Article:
Project overview: Digitize at least 3,000 of Yosemite’s archival maps, plans and drawings, for use in a public online gallery, park planning tools, and a college course on historical research methods.

How your support helps: The Yosemite Archives hold a vast store of historical material, including photos, books and documents. In recent years, donor-supported projects have enabled the park to save thousands of deteriorating vintage images by carefully sorting and digitizing them. The scanned images are available to browse and download on NPGallery, which not only means researchers no longer have to visit the archives in person, but also gives the public a new resource for exploring park history.

Now, with your help, the archival team is turning its attention to another part of the collection. This year, four Student Conservation Association interns will work with park experts to review, organize and digitize at least 3,000 of the Yosemite Archives’ more than 7,000 historical maps, plans and drawings. Those documents include everything from trail and fire maps to old advertisements. They show how Mariposa Grove has changed over time, and what the Valley might have looked like if the park had won its bid for the 1932 Winter Olympics.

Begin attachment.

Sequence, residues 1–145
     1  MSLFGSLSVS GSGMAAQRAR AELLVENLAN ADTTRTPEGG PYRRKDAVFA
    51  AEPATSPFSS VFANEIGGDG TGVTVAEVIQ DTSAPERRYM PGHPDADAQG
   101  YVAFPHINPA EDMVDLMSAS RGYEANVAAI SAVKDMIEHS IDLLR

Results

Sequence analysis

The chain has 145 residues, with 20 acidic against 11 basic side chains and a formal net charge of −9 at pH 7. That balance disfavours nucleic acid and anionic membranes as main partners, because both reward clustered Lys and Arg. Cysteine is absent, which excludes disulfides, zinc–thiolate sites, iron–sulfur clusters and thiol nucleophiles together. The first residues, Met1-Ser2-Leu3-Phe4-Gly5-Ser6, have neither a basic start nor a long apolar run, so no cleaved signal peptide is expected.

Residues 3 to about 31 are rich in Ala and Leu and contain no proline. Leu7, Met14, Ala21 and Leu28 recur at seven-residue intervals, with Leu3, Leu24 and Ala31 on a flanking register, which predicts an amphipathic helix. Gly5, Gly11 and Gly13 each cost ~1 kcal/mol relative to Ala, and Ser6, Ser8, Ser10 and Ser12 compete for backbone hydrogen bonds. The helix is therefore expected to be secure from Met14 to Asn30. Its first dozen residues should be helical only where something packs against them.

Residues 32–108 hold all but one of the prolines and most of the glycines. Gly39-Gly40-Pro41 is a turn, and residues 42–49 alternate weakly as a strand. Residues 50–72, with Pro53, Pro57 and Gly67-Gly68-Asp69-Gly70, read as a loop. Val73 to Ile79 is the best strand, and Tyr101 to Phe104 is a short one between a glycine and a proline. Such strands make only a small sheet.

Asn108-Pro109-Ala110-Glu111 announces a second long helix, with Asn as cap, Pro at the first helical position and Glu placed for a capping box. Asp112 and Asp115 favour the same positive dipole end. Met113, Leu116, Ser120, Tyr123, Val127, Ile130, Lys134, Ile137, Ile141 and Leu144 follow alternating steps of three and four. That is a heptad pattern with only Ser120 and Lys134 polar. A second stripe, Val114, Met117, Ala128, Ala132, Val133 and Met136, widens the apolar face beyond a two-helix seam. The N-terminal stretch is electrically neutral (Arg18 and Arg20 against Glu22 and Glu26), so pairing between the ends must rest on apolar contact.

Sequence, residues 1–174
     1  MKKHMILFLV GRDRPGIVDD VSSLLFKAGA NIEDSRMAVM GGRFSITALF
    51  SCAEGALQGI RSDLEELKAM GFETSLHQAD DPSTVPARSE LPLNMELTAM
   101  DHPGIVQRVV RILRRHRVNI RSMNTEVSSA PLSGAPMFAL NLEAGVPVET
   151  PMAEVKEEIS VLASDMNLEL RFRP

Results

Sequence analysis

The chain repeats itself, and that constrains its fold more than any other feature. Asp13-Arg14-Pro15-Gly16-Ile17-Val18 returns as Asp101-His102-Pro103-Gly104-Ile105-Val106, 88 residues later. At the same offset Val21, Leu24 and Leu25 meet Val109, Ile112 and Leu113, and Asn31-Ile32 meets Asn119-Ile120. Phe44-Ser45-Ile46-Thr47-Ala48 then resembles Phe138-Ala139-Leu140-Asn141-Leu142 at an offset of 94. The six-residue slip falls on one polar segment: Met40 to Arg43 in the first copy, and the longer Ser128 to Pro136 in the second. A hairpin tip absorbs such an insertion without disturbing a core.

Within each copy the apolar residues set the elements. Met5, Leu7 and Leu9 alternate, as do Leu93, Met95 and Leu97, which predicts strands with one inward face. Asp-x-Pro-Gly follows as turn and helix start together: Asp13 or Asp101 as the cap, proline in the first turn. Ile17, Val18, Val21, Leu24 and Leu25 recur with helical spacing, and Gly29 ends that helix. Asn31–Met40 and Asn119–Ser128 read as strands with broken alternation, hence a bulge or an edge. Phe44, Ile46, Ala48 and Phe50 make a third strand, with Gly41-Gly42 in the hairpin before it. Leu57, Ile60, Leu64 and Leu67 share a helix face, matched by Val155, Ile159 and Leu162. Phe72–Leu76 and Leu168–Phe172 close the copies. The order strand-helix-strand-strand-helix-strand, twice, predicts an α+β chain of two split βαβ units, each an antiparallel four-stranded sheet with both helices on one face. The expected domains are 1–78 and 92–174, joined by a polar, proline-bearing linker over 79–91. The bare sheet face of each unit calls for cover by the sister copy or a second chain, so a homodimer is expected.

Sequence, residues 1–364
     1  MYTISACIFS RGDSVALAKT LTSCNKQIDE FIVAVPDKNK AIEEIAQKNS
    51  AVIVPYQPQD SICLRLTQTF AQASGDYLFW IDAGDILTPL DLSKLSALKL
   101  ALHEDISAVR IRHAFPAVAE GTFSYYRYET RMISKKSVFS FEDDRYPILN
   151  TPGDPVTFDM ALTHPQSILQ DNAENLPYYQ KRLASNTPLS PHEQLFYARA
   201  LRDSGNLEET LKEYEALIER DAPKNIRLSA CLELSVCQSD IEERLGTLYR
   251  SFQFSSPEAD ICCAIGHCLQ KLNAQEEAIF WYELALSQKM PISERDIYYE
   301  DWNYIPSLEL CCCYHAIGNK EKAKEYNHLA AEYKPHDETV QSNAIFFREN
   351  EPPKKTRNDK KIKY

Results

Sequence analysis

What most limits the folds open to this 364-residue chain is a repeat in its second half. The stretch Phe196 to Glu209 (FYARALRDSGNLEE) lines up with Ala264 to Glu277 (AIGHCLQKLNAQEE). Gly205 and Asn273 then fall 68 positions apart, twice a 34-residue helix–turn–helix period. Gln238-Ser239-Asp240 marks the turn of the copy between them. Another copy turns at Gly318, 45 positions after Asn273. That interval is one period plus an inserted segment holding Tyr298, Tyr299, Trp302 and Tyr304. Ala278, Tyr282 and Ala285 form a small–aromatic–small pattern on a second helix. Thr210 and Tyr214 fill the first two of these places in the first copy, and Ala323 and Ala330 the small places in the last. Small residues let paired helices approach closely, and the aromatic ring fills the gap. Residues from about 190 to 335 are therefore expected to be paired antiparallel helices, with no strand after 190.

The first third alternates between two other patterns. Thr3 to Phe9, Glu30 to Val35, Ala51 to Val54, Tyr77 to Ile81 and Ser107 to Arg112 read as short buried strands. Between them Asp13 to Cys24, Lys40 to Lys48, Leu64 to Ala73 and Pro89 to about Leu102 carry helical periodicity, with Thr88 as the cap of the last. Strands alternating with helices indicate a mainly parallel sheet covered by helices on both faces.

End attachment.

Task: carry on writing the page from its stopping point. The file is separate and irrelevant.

As part of this project, park staff will work with University of California educators to develop and pilot an online course on historical research methods that incorporates the newly digitized documents. And while the maps, plans and drawings are valuable tools for understanding the park’s past, they can also play a role in present-day planning. With your support, the archival team will work with Yosemite’s GIS (Geographic Information System) experts to see how historical maps can help guide modern management of natural and cultural resources.

Project partners: Yosemite National Park, Student Conservation Association, and the University of California.

Paul Rogers

Archivist, Yosemite National Park

Project Notes

“The Yosemite Archives preserve over 7,000 maps, plans and drawings, and amazing collection of trail maps, fire maps, vintage advertisements, design plans (both completed and theoretical), and more! Each one is a unique artifact which cannot be seen anywhere else.”